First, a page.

Looks can be deceiving when choosing a fruit such as an avocado. The dark green wrinkled skin on the pear size avocado gives the impression the fruit is ready for the trash or compost pile. The skin is so unattractive the avocado has been nicknamed, "the alligator pear."
My first recollection of eating an avocado occurred only two to three years ago when my wife served avocados on salad. She advised me, "They are nutritious and taste wonderful." She was right; I liked the taste.
Why is the avocado so popular around the world? Primarily, the bright yellow-green color, subtle nutty flavor and creamy texture are appealing as a food by itself or when added to chicken, seafood, vegetables or fruit. Avocados lack sweetness so often are considered vegetables.
A store-bought avocado cut in half is ready to have the pit removed, peeled, then cut into pieces to add to a salad or mashed to make guacamole.
Secondarily, avocados are nutritious, containing large amounts of unsaturated fats, the heart healthy kind, fiber, antioxidants, protein, vitamins and minerals. The avocado contains 35 percent more potassium than bananas of equal weight.
Lastly, the avocado tree although grown in semi-tropical regions of the world produces a large harvest each year and is transported easily without damage. Archaeologists found evidence of avocado consumption in Mexico 10,000 years ago. The avocado, native to Mexico and Central America, was introduced to Spain in 1601, Asia in the 1850s and Florida and California in the mid 1800s. Avocados became a commercial crop in California in the 1920s. Hundreds of varieties have been developed each growing best in specific soil types and temperature ranges. The avocado grows on trees 30 feet tall.
If farmers grow several varieties each with a slightly different onset of fruit maturation, avocados can be harvested year round. Avocados, like bananas, mature on the tree but ripen when picked. This is fortunate so the fresh firm avocado can be picked and transported to a grocery store before becoming soft when ripe. If unripe avocados are placed in a paper bag for several days, gases released by each avocado hastens ripening.
A curious characteristic of the avocado is dichogamy flowering which means the same flower acts as female one day and male the following day. The flower on one variety of avocado opens on day one while the female structure called the stigma, containing ovaries, is receptive. The flower closes later, but reopens the next day as a functioning male, releasing pollen (sperm) while the female stigma is inactive. This situation leaves little or no overlap for self pollination because when pollen is released the stigma is inactive to pollen. Different varieties of avocado open on day one as males and as females on day two. Cross pollination or fertilization then can occur between these varieties but this usually yields poor quality fruit. While sex structures remain unchanged function becomes transgender. Commercial avocado orchards rely on nursery stock created by grafting twigs or scions from known high quality producing avocado trees onto disease resistant roots grown from seed.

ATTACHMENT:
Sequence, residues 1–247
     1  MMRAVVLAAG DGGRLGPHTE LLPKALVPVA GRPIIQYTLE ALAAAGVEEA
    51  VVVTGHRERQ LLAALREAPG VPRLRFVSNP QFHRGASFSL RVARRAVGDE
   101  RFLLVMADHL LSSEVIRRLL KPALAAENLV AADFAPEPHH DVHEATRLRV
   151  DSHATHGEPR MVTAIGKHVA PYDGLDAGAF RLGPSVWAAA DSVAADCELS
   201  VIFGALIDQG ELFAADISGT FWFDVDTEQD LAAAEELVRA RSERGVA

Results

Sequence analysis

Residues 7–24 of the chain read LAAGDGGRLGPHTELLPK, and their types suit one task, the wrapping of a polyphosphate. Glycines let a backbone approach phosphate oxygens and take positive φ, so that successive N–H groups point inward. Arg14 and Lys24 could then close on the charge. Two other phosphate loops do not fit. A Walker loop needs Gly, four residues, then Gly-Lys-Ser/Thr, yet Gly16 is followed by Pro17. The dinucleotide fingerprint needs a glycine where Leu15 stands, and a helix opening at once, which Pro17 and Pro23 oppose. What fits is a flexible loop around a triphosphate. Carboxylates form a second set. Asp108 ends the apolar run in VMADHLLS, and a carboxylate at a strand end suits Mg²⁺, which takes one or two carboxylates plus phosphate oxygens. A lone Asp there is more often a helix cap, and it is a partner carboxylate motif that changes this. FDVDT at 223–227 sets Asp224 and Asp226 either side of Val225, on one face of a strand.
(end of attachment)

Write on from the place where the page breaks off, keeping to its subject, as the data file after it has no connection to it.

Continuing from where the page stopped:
One local grocery store sells avocados from Chile, Mexico, California and Florida. Preparation of an avocado is done cutting around the fruit from end to the end, twisting each half to separate the halves, then removing the pit with a fork. Each half can be cut again and the skin peeled by hand.
A popular use of avocado is in guacamole which can be used as a topping for a baked potato, filling an omelet, stuffing in pita bread with cheese, bacon and lettuce and dipping with corn chips. The recipe from "Cooking with Fruit" by Payne and Senior blends 2 ripe avocados mashed, 1 small chopped onion, 1 medium tomato seeded and chopped, 1 garlic clove minced, 1 tablespoon chopped cilantro, 1/2 teaspoon salt and 2 tablespoons green chiles. Pour 2 tablespoon lime or lemon juice over the avocado mixture to retard browning of the avocado. Stir the juice into the mixture just before serving.
Many people already use and appreciate the nutritional value of the avocado but if you have missed out tasting an avocado as I had, go ahead, I think you will like it.